A publication of the Kentucky Center for Public Service Journalism

The River: Plodding upsteam on Mississippi, seeing waste inferno, sights to dazzle the senses and more

The riverboat captain is a storyteller, and Captain Don Sanders will be sharing the stories of his long association with the river — from discovery to a way of love and life. The is a part of a long and continuing story.

By Capt. Don Sanders
Special to NKyTribune

Slowly, the AVALON plodded upstream against the surging might of the Mississippi River. Returning to Baton Rouge, we stayed long enough so that I was able to tour the old Louisiana State Capitol Building which both Twain and Huey Long despised. At a cafeteria in the new Capitol, I learned the difference between “pure” or “chicory” when I asked for a cup of joe.

The refinery, the fourth largest in the country, looked like a version of Dante’s Inferno stretching out for miles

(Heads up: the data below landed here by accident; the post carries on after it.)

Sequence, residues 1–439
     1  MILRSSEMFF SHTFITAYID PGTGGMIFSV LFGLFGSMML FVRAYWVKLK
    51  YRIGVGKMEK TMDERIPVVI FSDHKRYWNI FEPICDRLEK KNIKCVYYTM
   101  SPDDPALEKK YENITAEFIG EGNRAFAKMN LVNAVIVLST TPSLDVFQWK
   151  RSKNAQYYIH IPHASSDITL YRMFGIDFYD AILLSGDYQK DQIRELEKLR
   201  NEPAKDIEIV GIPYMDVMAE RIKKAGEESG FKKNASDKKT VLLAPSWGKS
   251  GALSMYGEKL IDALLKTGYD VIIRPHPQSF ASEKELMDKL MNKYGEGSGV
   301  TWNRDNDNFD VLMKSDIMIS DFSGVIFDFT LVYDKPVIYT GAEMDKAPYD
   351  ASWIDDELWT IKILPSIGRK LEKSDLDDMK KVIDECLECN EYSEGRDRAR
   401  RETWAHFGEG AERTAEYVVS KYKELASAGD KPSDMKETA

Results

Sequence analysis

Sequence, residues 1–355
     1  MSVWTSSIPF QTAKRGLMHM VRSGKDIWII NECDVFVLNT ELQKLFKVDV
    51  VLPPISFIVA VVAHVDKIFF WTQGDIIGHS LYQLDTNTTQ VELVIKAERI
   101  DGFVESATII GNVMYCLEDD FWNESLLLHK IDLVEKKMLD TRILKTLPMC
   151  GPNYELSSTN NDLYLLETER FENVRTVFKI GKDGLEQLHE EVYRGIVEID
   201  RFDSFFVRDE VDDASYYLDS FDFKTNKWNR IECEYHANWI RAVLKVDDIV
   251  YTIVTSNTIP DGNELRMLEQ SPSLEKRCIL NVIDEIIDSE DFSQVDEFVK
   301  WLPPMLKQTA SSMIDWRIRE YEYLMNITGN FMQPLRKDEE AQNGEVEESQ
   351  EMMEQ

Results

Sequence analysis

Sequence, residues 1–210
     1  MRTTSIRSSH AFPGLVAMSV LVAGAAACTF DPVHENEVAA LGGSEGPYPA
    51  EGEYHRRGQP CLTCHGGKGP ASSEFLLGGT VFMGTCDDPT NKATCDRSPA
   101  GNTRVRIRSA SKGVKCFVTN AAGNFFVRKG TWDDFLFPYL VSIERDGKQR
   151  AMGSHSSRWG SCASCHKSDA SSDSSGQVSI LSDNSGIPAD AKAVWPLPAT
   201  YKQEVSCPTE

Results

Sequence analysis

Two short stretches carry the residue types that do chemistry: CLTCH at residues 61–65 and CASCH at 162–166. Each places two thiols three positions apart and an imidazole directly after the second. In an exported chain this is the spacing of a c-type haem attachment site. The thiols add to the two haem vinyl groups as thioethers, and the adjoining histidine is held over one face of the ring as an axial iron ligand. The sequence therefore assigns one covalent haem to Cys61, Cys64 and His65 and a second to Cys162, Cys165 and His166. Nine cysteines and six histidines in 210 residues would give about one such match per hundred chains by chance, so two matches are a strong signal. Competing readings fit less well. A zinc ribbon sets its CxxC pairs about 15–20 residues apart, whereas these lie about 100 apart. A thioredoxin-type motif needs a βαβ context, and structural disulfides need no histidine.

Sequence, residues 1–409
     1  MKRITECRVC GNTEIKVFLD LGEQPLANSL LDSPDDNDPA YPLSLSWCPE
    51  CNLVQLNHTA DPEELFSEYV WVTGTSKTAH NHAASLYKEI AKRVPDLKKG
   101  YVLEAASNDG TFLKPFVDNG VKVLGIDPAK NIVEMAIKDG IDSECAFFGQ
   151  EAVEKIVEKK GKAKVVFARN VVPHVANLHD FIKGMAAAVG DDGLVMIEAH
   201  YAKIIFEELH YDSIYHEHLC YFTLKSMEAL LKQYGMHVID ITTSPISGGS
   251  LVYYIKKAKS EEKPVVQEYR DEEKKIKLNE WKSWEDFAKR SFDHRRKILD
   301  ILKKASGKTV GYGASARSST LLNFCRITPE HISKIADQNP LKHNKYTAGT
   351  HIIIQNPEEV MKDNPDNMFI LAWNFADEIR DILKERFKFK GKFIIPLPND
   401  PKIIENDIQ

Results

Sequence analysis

Continuing on after departing the Port Allen ferry landing after the last Moonlite charter, the steamboat went but a short distance before landing alongside a steel and concrete pier at the Standard Oil refinery below the upper Huey P. Long Bridge, also known as the Airline Highway Bridge.

The front office in Cincinnati had arranged with the refinery for a load of thick Number Six Oil to be loaded aboard the AVALON, but once we were tied off and getting ready to refuel, a supervisor arrived pedaling a bicycle and informed Captain Wagner that he would not refuel the boat. The refinery, the fourth largest in the country, looked like a version of Dante’s Inferno stretching out for miles with nightmarish flames roaring from tall stacks flaring off waste vapors from the oil distillation processes going on all about us.

The arrangements between the offices failed to note that our boat was made of wood with open flames within the furnace which produced the steam that was the soul of the steamboat. The refinery overseer feared he argued, heavy stray gasses from the oil refinery might find the AVALON’s open flames and ignite, causing all sorts of catastrophe for both the Standard Oil facility and us.